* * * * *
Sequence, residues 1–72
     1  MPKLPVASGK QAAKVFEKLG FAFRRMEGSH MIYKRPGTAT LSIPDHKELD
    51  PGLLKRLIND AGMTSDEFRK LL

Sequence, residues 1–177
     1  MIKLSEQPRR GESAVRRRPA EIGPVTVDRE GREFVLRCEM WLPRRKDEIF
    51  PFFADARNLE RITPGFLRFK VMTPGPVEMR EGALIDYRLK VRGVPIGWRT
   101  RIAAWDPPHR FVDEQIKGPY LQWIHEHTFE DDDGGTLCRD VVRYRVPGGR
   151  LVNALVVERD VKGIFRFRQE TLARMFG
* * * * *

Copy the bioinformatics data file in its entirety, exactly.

Sequence, residues 1–72
     1  MPKLPVASGK QAAKVFEKLG FAFRRMEGSH MIYKRPGTAT LSIPDHKELD
    51  PGLLKRLIND AGMTSDEFRK LL

Sequence, residues 1–177
     1  MIKLSEQPRR GESAVRRRPA EIGPVTVDRE GREFVLRCEM WLPRRKDEIF
    51  PFFADARNLE RITPGFLRFK VMTPGPVEMR EGALIDYRLK VRGVPIGWRT
   101  RIAAWDPPHR FVDEQIKGPY LQWIHEHTFE DDDGGTLCRD VVRYRVPGGR
   151  LVNALVVERD VKGIFRFRQE TLARMFG